US charges tire company with evading tariffs on China
US law enforcement officials charged more than a dozen people and a Texas company in connection with a decade-long scheme to evade import tariffs on Chinese-made tires, officials announced Tuesday.
The Justice Department said the joint operation found that Houston-based Winland International/Super Tire and executives “conspired to avoid anti-dumping duties associated with off-the-road (OTR) and light vehicle and truck (LVT) tires from China.”
They are accused of using paperwork from Chinese manufacturers that were not subject to duties, and also falsified invoices to understate the value of the imports in order to pay a lower duty, the department said in a statement.
The value of these tires was over $21 million, which meant the US was unable to collect more than $6.5 million in import duties.
Authorities arrested Zheng “Miranda” Zhou and Kun “Bruce” Liu, listed as president and vice president of operations of the tire company.
“For more than a decade, Zhou and her co-conspirators are alleged to have sought to gain an unfair competitive advantage at the expense of US companies,” said Mark B. Dawson of Immigration and Customs Enforcement’s Homeland Security Investigations (HSI) office in Houston.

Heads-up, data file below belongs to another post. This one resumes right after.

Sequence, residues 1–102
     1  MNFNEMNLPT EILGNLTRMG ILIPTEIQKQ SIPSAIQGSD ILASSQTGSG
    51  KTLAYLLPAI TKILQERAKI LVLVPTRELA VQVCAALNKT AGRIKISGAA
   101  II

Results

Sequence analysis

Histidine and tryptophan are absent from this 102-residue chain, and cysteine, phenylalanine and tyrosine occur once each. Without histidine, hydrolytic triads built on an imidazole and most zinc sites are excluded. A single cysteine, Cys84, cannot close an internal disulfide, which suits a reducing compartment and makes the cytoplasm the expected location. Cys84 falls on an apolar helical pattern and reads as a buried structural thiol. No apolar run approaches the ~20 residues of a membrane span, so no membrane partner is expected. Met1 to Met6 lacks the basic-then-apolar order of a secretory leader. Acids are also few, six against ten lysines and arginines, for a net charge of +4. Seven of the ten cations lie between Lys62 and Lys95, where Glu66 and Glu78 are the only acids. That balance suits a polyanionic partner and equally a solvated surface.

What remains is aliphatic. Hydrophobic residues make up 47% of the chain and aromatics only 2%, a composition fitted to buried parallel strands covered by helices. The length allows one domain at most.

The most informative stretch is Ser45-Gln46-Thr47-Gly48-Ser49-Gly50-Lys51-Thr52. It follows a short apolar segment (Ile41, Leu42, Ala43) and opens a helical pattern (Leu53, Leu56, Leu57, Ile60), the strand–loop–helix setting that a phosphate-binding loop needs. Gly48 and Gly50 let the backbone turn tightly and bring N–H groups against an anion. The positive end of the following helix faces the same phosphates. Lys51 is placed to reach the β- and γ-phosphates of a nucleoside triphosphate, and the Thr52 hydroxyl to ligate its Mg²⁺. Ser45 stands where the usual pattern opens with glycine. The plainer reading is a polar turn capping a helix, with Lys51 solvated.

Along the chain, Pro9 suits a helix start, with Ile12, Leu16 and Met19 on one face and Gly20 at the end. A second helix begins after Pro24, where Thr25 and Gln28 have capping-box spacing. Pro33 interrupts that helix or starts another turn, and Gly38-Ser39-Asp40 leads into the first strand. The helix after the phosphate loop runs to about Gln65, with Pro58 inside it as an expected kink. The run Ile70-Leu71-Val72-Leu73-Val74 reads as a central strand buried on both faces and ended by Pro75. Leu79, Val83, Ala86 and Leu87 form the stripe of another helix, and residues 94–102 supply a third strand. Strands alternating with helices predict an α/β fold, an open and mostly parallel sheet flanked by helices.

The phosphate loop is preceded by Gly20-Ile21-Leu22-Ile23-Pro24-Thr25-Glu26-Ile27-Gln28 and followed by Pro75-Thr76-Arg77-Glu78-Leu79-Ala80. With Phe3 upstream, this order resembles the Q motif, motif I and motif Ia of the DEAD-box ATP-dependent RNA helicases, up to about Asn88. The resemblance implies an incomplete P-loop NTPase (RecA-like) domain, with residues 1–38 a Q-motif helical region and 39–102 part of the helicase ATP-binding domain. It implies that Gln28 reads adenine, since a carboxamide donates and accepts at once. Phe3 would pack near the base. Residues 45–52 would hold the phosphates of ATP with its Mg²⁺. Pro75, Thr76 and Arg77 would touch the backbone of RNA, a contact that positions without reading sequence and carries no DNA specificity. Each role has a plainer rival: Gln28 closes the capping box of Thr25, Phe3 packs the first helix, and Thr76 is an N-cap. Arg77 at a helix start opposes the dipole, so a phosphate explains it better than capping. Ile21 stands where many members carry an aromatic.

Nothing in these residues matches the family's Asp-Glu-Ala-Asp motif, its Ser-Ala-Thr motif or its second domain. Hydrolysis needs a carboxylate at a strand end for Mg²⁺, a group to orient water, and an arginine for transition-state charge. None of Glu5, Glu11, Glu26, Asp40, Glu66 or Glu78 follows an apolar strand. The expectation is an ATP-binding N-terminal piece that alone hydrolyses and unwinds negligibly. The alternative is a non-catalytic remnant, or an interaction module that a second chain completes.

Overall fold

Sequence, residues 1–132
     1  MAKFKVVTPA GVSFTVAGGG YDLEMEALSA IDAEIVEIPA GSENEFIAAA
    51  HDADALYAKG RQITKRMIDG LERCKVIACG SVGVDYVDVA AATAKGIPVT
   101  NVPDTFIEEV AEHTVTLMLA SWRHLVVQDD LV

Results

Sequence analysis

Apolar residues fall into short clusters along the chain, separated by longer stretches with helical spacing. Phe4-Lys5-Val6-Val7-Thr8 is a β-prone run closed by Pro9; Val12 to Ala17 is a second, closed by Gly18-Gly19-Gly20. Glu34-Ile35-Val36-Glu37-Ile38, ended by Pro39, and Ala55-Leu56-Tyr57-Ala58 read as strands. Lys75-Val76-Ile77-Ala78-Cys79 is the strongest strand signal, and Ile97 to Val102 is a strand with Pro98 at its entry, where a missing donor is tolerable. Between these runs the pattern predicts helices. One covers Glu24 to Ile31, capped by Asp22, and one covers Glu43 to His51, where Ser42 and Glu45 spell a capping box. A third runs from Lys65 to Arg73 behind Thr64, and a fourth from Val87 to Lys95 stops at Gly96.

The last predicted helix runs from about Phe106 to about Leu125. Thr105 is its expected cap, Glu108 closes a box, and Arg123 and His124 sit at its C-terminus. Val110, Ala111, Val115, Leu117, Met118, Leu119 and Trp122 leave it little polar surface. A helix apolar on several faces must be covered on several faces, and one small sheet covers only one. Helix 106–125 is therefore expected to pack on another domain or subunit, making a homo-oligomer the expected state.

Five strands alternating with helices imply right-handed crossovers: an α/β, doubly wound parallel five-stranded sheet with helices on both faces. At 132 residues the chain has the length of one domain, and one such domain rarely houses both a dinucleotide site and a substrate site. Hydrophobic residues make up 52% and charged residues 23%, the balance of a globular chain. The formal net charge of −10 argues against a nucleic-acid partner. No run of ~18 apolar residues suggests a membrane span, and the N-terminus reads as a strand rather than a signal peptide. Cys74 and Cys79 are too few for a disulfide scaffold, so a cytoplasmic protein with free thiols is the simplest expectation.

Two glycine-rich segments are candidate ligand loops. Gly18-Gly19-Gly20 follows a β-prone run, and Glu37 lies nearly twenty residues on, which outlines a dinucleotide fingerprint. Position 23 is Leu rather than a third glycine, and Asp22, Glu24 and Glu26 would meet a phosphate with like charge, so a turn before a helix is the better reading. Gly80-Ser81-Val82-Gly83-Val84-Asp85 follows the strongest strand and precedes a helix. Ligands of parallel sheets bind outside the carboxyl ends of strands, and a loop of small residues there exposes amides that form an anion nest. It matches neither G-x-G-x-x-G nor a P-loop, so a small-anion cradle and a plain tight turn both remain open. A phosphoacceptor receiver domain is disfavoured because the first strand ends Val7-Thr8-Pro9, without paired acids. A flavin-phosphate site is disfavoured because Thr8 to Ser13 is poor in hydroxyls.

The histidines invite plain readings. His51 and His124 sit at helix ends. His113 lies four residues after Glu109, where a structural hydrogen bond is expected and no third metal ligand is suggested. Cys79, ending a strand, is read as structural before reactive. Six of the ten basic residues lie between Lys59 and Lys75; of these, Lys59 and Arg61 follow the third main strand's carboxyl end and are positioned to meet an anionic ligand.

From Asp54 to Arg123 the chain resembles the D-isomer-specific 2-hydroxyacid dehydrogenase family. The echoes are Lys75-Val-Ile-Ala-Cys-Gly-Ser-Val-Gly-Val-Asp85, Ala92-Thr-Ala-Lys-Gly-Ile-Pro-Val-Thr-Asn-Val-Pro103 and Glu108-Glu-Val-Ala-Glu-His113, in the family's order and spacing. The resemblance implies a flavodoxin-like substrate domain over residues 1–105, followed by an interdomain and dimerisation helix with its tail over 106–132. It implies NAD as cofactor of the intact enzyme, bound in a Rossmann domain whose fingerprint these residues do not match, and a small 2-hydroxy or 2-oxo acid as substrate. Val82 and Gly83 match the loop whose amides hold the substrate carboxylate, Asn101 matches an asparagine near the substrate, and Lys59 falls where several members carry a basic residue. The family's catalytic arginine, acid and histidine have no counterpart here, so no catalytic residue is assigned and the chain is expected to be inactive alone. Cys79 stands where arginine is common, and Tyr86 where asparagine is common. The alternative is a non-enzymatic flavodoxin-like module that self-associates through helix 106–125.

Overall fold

Authorities filed charges against six other individuals, all considered fugitives, most of whom reside in China, according to the statement.
Another six face civil charges.
President Donald Trump made aggressive tariffs on Chinese goods a central feature of his administration, but US trade authorities have long worked to counteract dumping of product into the US market at below-market prices, which harm US producers.
“China and its industries want to rob, replicate and replace American made good and technology,” said US Attorney Ryan K. Patrick for the Southern District of Texas.
“Illegally importing and dumping these goods is one way to systemically weaken American competitors,” he said in the statement.